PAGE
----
Recent changes to the NHS Pension Scheme mean that from 1 April 2023 retired members with benefits in the 1995 scheme will have the option to return to work (after a break of at least 24 hours) and be able to re-join the 2015 NHS Pension Scheme. Previously, this was not the case and members with benefits in the 1995 scheme were barred from returning and building up any further pension benefits. Members with benefits in the 2008 and 2015 sections could already do this.
There are some limitations to those who can retire and return; including that members over 75 will not be able to re-join the scheme. Similarly, there are specific limitations to members wishing to re-join following ill-health retirement. One of those limitations is that, members who have taken their benefits as a serious ill-health lump sum, will not be eligible to re-join.
Members who wish to retire at the normal retirement age, who take voluntary early retirement, or whose benefits have been deferred, must take a 24-hour break in their employment in order to be able to access their NHS Pension (often employers extend this break period depending on the terms of the member’s contract). The member will need to terminate their contract of employment and then they will then be able to move to their new contract of employment following compliance with the 24-hour rule. However, there are some instances where there is no requirement to have a 24-hour break where any of the below situations apply;
- Members with no final salary link in the 1995/2008 Scheme and the 2015 Scheme, can continue contributing to the 2015 Scheme after claiming benefits from the 1995/2008 Scheme and do not need to take a 24-hour break
- Members who have deferred pension benefits in the 1995 and/or 2008 scheme(s) who have had a five-year break or more (loss of final salary link) may claim their deferred benefits on a reduced basis once they reach their minimum pension age or on an unreduced basis once they reach their normal pension age for the 1995 or 2008 Scheme without the requirement of a 24-hour break.
- The member is aged 55 or over and claiming redundancy pension benefits from one post only.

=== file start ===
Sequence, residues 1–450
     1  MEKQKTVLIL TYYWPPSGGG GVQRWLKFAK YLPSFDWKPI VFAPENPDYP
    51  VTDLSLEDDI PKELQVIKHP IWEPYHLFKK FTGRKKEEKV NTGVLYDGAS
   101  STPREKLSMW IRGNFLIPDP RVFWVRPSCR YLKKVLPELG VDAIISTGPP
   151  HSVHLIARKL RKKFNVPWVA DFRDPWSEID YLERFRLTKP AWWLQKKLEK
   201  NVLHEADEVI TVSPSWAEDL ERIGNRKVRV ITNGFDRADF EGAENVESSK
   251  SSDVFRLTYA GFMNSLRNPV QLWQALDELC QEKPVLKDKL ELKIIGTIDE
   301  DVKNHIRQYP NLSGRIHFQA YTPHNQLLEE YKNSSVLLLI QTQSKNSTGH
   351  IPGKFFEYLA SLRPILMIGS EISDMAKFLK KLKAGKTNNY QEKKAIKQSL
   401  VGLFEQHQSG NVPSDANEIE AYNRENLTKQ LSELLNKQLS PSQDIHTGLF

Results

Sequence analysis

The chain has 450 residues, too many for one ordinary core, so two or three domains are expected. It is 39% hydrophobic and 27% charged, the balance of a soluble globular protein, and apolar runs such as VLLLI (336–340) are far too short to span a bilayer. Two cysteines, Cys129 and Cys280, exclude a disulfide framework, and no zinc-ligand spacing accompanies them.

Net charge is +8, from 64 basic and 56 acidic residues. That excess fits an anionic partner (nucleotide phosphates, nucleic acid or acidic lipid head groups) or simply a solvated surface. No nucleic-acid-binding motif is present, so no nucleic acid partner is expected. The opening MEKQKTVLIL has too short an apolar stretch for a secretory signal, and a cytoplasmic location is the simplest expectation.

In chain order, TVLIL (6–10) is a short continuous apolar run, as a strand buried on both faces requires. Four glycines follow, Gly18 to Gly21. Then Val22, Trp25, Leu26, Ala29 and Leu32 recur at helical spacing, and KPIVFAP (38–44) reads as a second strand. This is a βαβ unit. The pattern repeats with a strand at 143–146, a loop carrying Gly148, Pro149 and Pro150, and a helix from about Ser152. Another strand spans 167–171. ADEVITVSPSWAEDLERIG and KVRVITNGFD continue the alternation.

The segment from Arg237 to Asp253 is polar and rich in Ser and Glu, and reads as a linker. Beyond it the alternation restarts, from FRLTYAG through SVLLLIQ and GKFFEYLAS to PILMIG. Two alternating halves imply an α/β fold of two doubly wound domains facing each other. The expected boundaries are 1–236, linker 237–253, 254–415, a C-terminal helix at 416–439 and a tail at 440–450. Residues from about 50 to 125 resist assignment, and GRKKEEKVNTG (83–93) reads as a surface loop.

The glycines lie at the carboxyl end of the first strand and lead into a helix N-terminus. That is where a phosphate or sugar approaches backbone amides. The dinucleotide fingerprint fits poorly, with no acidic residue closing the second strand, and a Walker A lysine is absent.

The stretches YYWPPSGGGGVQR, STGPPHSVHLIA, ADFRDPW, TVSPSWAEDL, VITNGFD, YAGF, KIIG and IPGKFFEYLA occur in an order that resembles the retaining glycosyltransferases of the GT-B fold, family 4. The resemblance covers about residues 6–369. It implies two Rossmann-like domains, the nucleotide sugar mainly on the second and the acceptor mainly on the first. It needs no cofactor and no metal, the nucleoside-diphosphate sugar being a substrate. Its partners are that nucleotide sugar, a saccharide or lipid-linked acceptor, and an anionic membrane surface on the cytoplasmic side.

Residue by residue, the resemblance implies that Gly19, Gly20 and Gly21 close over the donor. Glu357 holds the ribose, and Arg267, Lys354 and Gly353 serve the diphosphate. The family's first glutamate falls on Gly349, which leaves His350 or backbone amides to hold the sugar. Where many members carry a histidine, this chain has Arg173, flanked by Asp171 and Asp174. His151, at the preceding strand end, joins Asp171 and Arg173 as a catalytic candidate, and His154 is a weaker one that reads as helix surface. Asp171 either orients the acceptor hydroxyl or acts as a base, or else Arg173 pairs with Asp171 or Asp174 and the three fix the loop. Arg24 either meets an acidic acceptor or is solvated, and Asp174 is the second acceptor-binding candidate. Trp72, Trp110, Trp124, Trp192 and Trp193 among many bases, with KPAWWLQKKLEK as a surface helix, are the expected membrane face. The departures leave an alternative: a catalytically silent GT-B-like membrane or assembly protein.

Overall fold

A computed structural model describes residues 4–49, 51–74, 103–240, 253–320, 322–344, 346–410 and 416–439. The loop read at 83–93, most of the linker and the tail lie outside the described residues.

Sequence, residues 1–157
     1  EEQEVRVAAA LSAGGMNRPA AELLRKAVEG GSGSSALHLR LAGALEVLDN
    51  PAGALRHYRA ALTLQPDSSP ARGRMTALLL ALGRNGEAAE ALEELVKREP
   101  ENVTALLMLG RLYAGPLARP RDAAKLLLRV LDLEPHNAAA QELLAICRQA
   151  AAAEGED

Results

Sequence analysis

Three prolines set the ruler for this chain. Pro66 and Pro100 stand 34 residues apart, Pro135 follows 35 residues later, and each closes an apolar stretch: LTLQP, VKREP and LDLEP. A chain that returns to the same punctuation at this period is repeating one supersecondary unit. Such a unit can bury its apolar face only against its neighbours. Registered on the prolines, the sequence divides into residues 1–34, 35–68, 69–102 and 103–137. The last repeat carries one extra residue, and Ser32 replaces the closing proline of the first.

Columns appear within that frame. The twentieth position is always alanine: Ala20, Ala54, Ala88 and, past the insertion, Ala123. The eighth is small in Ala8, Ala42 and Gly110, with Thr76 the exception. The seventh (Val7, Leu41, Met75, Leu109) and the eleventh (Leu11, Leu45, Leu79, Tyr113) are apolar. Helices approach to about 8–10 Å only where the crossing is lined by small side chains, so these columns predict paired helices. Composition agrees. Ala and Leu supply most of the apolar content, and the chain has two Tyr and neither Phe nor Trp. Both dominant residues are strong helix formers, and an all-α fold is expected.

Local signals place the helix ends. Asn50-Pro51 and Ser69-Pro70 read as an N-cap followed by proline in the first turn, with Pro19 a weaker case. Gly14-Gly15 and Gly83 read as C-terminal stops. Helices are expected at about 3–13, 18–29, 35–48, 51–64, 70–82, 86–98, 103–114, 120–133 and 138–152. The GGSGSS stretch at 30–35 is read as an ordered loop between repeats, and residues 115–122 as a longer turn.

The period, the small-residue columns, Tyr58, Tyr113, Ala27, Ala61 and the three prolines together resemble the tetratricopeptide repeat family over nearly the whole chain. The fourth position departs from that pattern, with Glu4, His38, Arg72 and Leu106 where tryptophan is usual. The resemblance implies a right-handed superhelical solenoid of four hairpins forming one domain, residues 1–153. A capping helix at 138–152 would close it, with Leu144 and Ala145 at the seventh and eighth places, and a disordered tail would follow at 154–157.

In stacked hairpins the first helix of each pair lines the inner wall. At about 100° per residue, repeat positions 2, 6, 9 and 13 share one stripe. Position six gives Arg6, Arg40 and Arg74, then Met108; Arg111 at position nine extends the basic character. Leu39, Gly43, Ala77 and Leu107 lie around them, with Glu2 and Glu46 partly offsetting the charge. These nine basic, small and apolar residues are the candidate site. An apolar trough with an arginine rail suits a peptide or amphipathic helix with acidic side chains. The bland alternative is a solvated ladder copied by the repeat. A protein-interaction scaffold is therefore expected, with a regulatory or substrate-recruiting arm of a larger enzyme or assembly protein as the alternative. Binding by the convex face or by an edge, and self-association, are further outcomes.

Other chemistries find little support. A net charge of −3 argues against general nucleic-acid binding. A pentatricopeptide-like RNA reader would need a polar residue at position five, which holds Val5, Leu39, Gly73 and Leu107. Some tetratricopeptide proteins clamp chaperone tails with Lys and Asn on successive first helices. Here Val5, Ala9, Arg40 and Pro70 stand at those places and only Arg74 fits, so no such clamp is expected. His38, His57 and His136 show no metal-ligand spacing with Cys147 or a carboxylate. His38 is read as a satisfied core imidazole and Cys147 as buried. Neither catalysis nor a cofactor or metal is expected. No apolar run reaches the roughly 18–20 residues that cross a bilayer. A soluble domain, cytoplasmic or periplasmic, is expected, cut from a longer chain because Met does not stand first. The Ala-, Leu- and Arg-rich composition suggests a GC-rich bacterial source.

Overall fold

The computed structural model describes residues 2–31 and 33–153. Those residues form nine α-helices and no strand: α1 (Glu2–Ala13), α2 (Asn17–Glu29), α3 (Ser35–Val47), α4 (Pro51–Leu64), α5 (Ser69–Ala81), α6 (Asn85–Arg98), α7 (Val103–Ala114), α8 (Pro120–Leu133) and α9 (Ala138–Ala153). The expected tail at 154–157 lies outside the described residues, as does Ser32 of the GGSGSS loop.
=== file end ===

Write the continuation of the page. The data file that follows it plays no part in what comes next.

- The member has partially retired through draw down.
- The member has reached the maximum pensionable age of 75 (for 1995 Section members, age 70 before 1 April 2008).
As can be seen from the above, there is not a blanket exception to the 24-hour rule. However, these changes certainly ease the requirement for lots of categories of member. Separately, there is also a specific provision in relation to members with concurrent part time posts; in this situation a 24-hour break must be taken from all positions.
Further changes introduced also include the removal of maximum service limits for those in the 1995 and 2008 sections, along with the removal of the 16 hour rule for re-joiners. The removal of the 16-hour rule means that members (of the 1995 Section) who decide to return to work following retirement, may work as many hours as they like, immediately on re-joining, without the need to reduce their hours to 16 hours a week in the first month after retirement. This requirement was previously in place to eliminate any risk of pension benefits being affected. However, members can now work as many hours as they choose, straight away, without fear of their pension payments being stopped or reduced.
Further changes in relation to partial retirement are also due to come into force in October 2023. Partial retirement is already available to benefits earned in the 2008 and 2015 Scheme, however, from 1 October 2023 this will extend to benefits in the 1995 Scheme.
The changes will mean that members will be able to do the following without leaving their employment:
- Members aged 55 will be able to take between 20% and 100% of their pension benefits.
- Members of the 1995 Section who have a protected minimum pension age of 50 will be able to claim their pension benefits. To be able to do this they will need to take 100% of their pension benefits between the ages of 50 and 55. Then from age 55, they will be able to take between 20% and 100% of their benefits.
However, members will need to reduce their pensionable pay by 10% for the first 12 months after the member takes partial retirement. The reason for this is to protect against any reduction in pension benefits or abatement. This would need to be achieved through ordinary processes of discussion with their employer and perhaps flexible working requests as a route to reduction of duties.
The guidance on the changes to partial retirement has not yet been published and further clarity is expected in the coming months.
This article was co-written by Sadie Goodrum, Trainee Solicitor.